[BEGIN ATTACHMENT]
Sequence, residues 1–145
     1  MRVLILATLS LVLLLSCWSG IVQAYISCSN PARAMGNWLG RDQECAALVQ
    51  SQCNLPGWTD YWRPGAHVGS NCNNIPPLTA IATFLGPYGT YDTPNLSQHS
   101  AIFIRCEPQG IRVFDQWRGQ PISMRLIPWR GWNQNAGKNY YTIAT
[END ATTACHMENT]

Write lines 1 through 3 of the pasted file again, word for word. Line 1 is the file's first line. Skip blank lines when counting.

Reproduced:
Sequence, residues 1–145
     1  MRVLILATLS LVLLLSCWSG IVQAYISCSN PARAMGNWLG RDQECAALVQ
    51  SQCNLPGWTD YWRPGAHVGS NCNNIPPLTA IATFLGPYGT YDTPNLSQHS